At all relevant times SMM Holdings was the registered owner/holder of six of those mining claims, and the lessee in respect of the seventh one. In 2004 it was placed under a reconstruction order in terms of the Reconstruction of State-Indebted Insolvent Companies Act, Cap 24:27 [“the Reconstruction Act”].

A reconstruction order is issued by Government, through the Minister of Justice, against a company that is indebted to the State, or to a statutory corporation, or to a State-controlled company. Once under a reconstruction order, among other things, the company is placed under the directorship and management of an administrator, the equivalent of a judicial manager in a company under judicial management. The administrator must strive to nurse the State-indebted company back to profitability so that, among other things, it can pay back the Government funds.

The Reconstruction Act, inter alia, voids every disposition of the property of the company under a reconstruction order made without the approval of the administrator.

In August 2007 SMM Holdings, allegedly without the approval of its administrator, the first respondent herein, purported to abandon three of its mining claims in terms of the procedure for abandonment of mining claims set out in the Mines and Minerals Act, Cap 21:05.

The applicants said the abandoned portions opened the areas to prospecting by third parties. They said in 2009 they applied to the third respondent, the local authority, for a lease over the abandoned claims. They said the lease was approved and granted. But they did not produce a copy, or a more credible document in lieu of it. Instead, they produced, as proof of the lease, some sketch drawing or map of the mining site, dated 9 June 2008, but with no name on it. They also produced, as proof of their lease, an invoice for a mineral milling licence issued by the third respondent and dated 28 October 2016; two receipts, also by the third respondent: one for some small-scale land levy, also dated 28 October 2016, and the other for some mining levy. This latter receipt was dated 17 February 2017. It was from this date that the applicants argued that their clock for urgency had begun to tick. They were wrong. It had begun to tick much earlier. But I shall come back to this aspect later and deal with it in greater detail.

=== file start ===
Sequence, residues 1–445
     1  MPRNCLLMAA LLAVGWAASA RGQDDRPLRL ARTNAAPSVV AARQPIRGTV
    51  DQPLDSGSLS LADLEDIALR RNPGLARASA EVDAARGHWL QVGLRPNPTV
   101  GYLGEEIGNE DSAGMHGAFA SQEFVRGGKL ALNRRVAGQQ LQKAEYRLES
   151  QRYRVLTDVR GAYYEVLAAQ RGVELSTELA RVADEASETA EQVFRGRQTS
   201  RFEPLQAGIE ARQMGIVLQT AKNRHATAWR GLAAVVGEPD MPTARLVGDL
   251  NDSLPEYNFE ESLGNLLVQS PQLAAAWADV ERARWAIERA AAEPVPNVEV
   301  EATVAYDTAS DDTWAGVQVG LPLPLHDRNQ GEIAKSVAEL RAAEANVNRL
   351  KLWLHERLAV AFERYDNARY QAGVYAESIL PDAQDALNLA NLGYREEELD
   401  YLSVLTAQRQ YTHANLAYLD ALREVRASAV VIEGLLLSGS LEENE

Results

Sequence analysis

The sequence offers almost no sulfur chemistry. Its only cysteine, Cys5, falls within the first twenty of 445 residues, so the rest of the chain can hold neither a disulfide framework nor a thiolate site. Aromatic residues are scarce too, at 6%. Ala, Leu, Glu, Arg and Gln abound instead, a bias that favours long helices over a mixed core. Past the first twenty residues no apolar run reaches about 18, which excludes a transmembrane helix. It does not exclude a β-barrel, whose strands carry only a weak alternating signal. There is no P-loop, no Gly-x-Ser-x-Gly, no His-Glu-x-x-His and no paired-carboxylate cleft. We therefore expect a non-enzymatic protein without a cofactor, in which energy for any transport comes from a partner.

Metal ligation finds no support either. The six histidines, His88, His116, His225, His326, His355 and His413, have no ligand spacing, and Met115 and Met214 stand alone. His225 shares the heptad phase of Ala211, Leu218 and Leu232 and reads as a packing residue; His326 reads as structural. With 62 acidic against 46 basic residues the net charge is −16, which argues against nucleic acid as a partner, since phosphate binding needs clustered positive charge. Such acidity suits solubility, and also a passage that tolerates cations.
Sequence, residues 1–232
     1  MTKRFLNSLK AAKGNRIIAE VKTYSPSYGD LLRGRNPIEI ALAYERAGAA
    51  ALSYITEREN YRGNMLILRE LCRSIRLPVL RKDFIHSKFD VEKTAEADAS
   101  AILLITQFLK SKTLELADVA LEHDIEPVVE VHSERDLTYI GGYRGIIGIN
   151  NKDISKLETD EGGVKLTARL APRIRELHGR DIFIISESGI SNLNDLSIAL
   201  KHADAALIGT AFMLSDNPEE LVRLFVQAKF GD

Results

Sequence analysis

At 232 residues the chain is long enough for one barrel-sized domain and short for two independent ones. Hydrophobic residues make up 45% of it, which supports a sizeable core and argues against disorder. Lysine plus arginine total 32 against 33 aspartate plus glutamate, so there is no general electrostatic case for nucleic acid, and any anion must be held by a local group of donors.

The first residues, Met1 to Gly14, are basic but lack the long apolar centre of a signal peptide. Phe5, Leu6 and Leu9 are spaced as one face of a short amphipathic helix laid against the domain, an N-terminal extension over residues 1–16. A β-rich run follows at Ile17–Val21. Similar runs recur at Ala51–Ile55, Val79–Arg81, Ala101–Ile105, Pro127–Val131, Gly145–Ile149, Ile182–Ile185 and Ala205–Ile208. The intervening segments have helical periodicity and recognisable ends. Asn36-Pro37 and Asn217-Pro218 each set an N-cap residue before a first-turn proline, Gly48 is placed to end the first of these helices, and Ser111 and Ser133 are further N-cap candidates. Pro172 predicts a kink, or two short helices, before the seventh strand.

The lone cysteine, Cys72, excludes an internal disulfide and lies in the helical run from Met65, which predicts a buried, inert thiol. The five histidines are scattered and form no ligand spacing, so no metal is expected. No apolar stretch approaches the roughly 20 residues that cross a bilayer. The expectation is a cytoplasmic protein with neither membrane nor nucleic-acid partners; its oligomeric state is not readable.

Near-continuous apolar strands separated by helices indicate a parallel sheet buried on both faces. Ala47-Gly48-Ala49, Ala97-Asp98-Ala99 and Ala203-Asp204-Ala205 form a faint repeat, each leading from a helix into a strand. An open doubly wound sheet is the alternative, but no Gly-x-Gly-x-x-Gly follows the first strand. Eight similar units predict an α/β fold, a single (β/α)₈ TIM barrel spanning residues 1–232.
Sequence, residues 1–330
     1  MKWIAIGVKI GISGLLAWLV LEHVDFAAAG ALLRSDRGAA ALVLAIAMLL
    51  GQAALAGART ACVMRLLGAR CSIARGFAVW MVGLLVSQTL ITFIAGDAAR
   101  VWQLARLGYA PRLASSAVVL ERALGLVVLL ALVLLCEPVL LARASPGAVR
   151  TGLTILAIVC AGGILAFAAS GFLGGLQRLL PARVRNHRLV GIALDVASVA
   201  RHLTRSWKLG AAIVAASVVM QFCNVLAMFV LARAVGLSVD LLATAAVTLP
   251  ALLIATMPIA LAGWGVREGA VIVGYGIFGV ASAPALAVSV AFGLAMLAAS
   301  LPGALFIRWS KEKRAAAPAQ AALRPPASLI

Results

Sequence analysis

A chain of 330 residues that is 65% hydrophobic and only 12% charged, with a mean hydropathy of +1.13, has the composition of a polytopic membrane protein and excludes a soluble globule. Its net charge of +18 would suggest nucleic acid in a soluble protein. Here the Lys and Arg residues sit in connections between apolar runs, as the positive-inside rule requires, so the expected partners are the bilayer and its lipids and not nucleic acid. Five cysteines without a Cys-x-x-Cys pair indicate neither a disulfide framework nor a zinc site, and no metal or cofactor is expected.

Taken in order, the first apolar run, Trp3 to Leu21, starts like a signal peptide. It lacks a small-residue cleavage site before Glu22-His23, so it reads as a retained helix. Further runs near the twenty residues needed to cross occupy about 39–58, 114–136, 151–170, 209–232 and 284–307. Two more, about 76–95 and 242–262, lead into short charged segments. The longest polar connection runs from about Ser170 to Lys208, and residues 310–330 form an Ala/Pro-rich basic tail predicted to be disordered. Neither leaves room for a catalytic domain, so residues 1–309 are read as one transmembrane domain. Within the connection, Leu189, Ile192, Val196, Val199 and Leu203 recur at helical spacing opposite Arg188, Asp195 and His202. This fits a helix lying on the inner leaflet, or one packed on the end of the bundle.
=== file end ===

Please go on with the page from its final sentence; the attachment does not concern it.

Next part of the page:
The third and final document produced by the applicants as proof of their lease with the third respondent, or of their entitlement to the abandoned claims, was some point of sale bank transfer, also on 28 October 2016. It only had the third respondent’s name on it.

The first and second respondents said that the purported abandonment by SMM Holdings of its claims, without the first respondent’s approval, amounted to a disposal of the assets of a State-indebted company. As such, it was null and void. They also said they had no idea why the applicants could have been making payments to the third respondent, but that whatever those payments were for, they could not possibly have been for any colour of right over the mines.

The third respondent filed no papers. But Ms Bwanya, on its behalf, said that every person carrying out any kind of mining activity under its jurisdiction is liable for these levies. She said because the applicants were occupying, mining and milling chrome ore at those sites, the third respondent would bill them for mining levies and land levies, even if their title was under contest.

In 2008 the first respondent approached the Ministry of Mines to have the purported abandonment revoked. He succeeded. But Mujumi had already acquired, in his own name, an interest in some of the mines. So in August 2008 the mining commissioner gave him written notice of the intention to cancel his interest. This was followed, a month later, by publication by the mining commissioner, of a general notice cancelling Mujumi’s certificate of registration.